Discovery and Sky Angel continue to spar over the
latter's program access complaint over Discovery's decision to exit its programming contract with the distributor.
The most recent volley came from Sky Angel Friday.
In a letter to the FCC, the company said Discovery has mischaracterized
the FCC's decision to deny a temporary standstill request to keep Discovery
content on the IP-delivered programmer's lineup.
Sky Angel says neither the FCC nor its Media
Bureau have ruled on the merits of its program access complaint, including
whether Sky Angel qualifies as an MVPD subject to the program access
Discovery said in its Dec. 3 letter to the FCC
that Discovery has already demonstrated that Sky Angel is not an MVPD.
Quoting from the FCC's denial of the standstill,
Discovery said that Sky Angel "has not carried its burden of demonstrating that
it is likely to succeed in showing on the merits that it is an MVPD"
entitled to program access relief.
Sky Angel had argued that because Discovery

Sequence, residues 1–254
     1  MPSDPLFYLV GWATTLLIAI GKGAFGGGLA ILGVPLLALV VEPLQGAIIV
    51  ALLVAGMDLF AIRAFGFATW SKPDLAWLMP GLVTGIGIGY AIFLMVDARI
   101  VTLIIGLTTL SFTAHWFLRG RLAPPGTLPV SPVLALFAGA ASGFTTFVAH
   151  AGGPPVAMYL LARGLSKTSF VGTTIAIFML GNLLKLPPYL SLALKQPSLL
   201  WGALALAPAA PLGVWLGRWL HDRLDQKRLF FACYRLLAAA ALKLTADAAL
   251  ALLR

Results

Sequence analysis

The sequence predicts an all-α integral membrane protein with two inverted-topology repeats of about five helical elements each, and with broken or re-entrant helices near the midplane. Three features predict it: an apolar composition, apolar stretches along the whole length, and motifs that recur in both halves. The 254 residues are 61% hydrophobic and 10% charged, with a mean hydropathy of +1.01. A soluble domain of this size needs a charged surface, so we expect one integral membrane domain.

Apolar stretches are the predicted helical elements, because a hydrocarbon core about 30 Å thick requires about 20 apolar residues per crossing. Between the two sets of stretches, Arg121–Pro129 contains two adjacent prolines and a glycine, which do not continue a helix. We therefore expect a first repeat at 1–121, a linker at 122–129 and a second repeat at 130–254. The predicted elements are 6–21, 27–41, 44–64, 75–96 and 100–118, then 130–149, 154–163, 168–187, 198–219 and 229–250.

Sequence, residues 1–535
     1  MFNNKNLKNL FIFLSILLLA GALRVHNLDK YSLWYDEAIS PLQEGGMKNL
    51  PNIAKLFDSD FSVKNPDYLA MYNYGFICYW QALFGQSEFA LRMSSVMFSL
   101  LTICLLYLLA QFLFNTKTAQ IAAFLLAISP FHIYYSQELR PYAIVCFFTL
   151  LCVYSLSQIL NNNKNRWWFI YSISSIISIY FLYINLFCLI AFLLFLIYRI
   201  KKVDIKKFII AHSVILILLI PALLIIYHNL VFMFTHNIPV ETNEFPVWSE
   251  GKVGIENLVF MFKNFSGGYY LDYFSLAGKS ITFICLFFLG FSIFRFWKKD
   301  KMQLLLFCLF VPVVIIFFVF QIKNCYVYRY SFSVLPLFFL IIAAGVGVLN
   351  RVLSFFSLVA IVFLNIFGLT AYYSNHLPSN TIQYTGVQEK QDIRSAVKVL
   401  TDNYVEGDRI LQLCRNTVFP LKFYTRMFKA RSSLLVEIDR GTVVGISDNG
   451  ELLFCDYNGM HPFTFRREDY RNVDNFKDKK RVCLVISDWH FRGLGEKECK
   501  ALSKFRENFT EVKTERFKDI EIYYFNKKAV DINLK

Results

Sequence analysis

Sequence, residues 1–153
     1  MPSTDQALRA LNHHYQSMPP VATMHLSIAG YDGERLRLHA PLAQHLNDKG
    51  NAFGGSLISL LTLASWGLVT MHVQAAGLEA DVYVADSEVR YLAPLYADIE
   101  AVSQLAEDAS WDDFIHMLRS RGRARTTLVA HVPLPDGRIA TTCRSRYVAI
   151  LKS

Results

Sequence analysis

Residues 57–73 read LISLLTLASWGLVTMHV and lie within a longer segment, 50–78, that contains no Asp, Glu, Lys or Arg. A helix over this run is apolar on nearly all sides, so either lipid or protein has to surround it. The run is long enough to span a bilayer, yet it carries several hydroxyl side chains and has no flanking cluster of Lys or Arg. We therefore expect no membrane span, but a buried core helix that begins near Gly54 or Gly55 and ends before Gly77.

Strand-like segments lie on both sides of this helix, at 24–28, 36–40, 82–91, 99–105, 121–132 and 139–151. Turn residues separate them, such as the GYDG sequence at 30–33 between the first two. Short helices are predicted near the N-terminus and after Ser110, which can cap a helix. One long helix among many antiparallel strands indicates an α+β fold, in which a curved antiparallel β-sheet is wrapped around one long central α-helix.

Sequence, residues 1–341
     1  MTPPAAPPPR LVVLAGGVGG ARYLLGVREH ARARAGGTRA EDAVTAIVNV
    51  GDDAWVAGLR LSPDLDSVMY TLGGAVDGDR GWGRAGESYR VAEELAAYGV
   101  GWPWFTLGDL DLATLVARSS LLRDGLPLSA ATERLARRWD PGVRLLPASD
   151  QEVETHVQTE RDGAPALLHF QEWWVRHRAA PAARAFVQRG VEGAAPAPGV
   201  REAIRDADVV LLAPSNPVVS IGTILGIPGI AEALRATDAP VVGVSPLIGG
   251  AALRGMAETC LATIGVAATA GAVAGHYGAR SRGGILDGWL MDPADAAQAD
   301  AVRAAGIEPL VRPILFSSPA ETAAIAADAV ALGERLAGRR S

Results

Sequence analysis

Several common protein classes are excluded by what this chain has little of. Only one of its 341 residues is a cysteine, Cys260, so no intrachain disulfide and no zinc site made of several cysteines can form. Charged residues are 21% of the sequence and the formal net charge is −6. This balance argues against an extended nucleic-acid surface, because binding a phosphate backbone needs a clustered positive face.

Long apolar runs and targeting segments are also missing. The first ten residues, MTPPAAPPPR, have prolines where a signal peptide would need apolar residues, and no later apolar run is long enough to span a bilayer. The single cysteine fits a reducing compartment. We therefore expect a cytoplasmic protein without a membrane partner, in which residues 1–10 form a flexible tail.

carries Dish, which now offers subs online access to its programming, was
discriminatory. Discovery said that there was no question that Dish was an
MVPD, so the fact that it had decided not to license its programming--citing
concerns over how it was delivered, says Sky Angel--was not discriminatory.
"While Dish now apparently offers its
subscribers hardware and software that enables remote access to their Dish
service, this officer does not somehow convert Sky Angel into an
MVPD." Discovery argues that Sky Angel does not deliver
"channels" as it is defined by law in the Cable Act.
In its letter Friday, Sky Angel disputed that, saying Congress created
an intentionally broad definition. "Congress used 'multiple channels' to
mean multiple programming networks, certainly not multiple portions
of electromagnetic frequency spectrum used in a cable system."